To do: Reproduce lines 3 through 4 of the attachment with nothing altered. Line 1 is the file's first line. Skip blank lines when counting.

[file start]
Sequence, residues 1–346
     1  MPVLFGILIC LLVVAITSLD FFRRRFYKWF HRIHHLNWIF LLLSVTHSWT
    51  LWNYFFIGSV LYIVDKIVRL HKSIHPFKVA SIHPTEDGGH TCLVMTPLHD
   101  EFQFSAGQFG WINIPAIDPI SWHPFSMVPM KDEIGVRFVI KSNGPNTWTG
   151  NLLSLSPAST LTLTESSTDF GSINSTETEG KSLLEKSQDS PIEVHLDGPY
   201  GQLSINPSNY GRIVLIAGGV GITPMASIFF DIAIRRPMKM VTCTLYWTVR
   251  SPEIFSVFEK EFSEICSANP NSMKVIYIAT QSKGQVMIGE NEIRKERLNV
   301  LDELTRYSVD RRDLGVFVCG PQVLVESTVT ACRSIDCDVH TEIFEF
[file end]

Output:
    51  LWNYFFIGSV LYIVDKIVRL HKSIHPFKVA SIHPTEDGGH TCLVMTPLHD
   101  EFQFSAGQFG WINIPAIDPI SWHPFSMVPM KDEIGVRFVI KSNGPNTWTG